UT Southwestern research sheds light on baldness

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UT Southwestern research sheds light on baldness

Postby whbio » May 10 2017 5:53 am

Investigators, including Chung-Ping Liao, Reid C. Booker, Sean J. Morrison and Lu Q. Le from the University of Texas Southwestern Medical Center (UT Southwestern), have stumbled upon a finding that may lead to a cure for balding and hair graying.

The study, “Identification of hair shaft progenitors that create a niche for hair pigmentation,” appears in an advance online publication by the journal Genes & Development.

Baldness and gray hair are considered unfortunate but unavoidable products of aging. Generally, the risk of losing your hair is proportional to your age. Apparently, men are more prone to baldness than women. The American Hair Loss Association says that two-thirds of men will experience some degree of balding by age 35, and up to 85% of men will have noticeably thinner hair by age 50.

Hair is produced by the hair follicle, a skin organ that contains several structures including papilla, matrix, and bulge. Hair differentiates from follicle stem cells and is also pigmented by melanocytes in the follicle. However, the precise mechanism is not fully understood.

When UT Southwestern investigators studied how tumors form, they unexpectedly found why hair turns gray. They observed that a protein called KROX20 switches on in skin cells that develop into the hair shaft. These pre-hair cells then produce a protein called SCF, which the investigators showed is important for giving hair its color. The investigators said that SCF expression by these cells is necessary for the maintenance of differentiated melanocytes and for hair pigmentation.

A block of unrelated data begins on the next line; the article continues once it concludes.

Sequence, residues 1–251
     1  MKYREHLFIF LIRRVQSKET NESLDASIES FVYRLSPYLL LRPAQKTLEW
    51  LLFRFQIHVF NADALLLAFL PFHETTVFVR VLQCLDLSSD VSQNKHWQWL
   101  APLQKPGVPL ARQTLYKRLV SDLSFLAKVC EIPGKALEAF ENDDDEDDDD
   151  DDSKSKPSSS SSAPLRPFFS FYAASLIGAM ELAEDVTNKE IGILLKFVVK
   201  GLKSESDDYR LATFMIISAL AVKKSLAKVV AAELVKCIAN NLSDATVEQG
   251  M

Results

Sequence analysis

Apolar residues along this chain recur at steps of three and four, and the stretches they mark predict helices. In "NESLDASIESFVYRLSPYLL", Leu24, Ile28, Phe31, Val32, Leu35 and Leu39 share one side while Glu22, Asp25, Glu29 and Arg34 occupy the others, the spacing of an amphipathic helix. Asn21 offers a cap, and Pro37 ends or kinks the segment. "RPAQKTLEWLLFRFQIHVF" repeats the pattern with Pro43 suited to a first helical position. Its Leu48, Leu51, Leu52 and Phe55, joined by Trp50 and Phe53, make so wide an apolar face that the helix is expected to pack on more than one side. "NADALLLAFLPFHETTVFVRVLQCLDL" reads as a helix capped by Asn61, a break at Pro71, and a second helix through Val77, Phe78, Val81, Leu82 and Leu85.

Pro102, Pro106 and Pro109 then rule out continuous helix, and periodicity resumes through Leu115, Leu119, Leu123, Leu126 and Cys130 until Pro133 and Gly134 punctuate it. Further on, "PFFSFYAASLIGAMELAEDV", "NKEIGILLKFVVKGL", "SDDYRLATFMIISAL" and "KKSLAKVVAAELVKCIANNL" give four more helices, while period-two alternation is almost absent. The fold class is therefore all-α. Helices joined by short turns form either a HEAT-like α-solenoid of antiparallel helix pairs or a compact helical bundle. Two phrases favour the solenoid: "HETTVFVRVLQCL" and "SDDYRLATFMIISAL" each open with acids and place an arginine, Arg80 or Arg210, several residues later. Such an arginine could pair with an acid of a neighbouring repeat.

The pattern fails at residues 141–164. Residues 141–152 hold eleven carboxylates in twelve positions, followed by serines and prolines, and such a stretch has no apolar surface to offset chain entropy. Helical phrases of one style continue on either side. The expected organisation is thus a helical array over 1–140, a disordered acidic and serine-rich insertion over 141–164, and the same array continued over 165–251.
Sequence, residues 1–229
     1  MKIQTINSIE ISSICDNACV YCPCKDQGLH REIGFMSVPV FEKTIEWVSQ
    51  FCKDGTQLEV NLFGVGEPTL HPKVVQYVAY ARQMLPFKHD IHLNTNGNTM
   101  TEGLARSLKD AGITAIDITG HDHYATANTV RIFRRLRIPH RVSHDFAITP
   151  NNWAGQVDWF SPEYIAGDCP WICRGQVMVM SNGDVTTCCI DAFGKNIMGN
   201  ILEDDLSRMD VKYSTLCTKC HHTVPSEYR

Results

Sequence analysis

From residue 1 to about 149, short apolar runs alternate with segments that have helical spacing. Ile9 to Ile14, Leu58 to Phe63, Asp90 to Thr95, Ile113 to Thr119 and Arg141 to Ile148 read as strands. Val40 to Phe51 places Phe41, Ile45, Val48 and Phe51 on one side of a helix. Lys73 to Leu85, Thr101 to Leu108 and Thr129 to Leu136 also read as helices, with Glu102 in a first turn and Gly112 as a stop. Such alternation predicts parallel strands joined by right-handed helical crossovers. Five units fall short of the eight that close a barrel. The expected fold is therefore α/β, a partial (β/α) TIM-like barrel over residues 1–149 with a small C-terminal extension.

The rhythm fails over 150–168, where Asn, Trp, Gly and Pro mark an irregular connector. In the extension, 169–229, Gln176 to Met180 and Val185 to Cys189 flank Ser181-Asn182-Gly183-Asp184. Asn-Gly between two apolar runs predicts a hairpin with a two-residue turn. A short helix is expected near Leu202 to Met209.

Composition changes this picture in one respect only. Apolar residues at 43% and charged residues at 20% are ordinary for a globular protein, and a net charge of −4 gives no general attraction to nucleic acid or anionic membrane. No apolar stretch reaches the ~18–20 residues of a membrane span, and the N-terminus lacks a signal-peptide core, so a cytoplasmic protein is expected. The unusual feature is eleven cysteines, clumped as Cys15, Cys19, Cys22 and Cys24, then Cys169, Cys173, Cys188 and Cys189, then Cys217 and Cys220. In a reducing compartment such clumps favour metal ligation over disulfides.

KROX20, also known as EGR2, is a transcription factor that has been associated with nerve development. SCF, or stem cell factor, is a cytokine that plays a role in hematopoiesis, spermatogenesis, and melanogenesis.

When the investigators deleted the SCF gene in the pre-hair cells of mouse models, the mice's hair turned white. When they deleted the KROX20-producing cells, the mice became bald. This may help explain the mechanism of balding and hair graying. “Our findings reveal the identities of hair matrix progenitors that regulate hair growth and pigmentation, partly by creating an SCF-dependent niche for follicular melanocytes,” the investigators concluded. These findings may open new avenues for the development of therapies for baldness and hair graying. In the future research, the investigators will work to determine if the mouse findings are relevant to human balding and hair graying. (Cusabio offers KROX20, SCF, and antibodies for research. http://www.cusabio.com/)
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